If Motorola’s 2019 rehash of the iconic Razr phone is as popular at the cash register as it is online, then the Lenovo-owned company will have pulled off one of the greatest smartphone comebacks I’ve ever seen. It will have also opened the doors for other Android manufacturers to make a comeback.
The headline numbers for companies like Sony and LG on smartphone sales are not good. In the third quarter of 2019 LG revealed a 25% drop in sales compared to the same quarter the year before, whereas Sony shipped just 600,000 units in the third quarter after predicting it would sell 5 million.
In previous years both have enjoyed a more prominent role in the Android arena, but they’ve been squeezed by declining smartphone sales across the board (which includes the big players like Apple and Samsung) – alongside strong competition from Chinese brands like Oppo, Xaomi and Huawei.
You have to wonder what this means for the mobile divisions of both companies and, more importantly, is there a way back? If Motorola’s resurgence is anything to go by, then yes.
First, a quick caveat: we don’t know how many pre-orders Motorola has recorded because it hasn’t released that information (I’ve asked), so we can’t judge popularity on sales, yet.
But there is, palpably, more excitement about the Razr than there has been for any other Motorola I can remember in the last few years. Indeed, there appears to be a lot more interest in the Razr than anything LG or Sony have released in recent years, too.
That’s understandable considering it’s one of the two things: an entirely new technology and a familiar – previously popular – phone making a dramatic comeback. It’s both new and familiar, which is an impressive feat for Motorola to have pulled off.
The form factor of the 2019 Razr is, I suspect, what’s generating the most interest in the phone. The clam-shell shape effectively folds down into half the size of a traditional smartphone. All of the reluctant smartphones owners who switched up to increasingly larger screens now have a way out of that never-ending nightmare for their jeans. It’s pocketable, compact and bleeding edge all at once.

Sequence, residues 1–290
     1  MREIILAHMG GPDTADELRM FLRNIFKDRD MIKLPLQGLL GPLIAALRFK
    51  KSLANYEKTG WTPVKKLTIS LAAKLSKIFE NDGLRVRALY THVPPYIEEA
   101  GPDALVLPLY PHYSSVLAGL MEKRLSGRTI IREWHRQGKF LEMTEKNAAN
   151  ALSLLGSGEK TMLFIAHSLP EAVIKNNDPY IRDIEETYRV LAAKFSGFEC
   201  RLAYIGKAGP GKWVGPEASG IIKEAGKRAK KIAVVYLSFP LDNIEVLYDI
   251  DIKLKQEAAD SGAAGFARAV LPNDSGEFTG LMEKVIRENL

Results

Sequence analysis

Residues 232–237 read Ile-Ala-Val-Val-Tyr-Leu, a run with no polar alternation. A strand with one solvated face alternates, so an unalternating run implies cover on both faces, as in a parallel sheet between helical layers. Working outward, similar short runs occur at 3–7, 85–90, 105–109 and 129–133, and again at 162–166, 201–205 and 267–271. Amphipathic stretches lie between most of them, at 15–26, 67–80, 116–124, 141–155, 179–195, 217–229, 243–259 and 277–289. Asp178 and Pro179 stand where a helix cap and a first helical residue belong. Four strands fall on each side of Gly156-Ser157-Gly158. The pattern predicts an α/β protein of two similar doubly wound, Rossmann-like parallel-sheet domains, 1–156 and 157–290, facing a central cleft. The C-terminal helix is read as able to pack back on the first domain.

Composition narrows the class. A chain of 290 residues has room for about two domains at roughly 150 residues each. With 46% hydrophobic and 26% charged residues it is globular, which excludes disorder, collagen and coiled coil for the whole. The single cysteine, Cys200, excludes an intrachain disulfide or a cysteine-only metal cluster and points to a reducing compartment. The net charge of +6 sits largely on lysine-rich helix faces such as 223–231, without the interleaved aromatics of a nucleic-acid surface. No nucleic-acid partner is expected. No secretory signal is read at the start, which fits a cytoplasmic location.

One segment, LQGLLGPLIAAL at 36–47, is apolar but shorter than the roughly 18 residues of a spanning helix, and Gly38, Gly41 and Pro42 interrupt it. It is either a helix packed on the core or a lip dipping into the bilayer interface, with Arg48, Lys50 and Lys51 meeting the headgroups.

This is a potential roadmap for other Android manufacturers like Sony and LG. After dropping into relative obscurity when it comes to premium smartphones (Motorola has seen a recent sales increase in the US likely thanks to its budget/mid-range devices) – the Lenovo-owned company has found a way back to the top of people’s feeds.
The perceived popularity of the Razr levels the playing field. If sales are good, then breaking back into the conversation – through a single device – has to be inspiring to struggling manufacturers.
Both LG and Sony have the resources to produce foldable technology, indeed LG has been rumoured to be working on something for a few years. In terms of the actual device, there is so little competition that being first to market with something innovative could pay huge dividends. From a rollable phone, to something that folds more than once, there’s scope to pick up a whole new base of customers with one device.
Considering Apple is probably a year or two off from entering the foldable space, as is Google, and Huawei’s Mate X is crippled by the lack of Google services, then there is a good opportunity for bygone Android phone makers to reclaim past glories.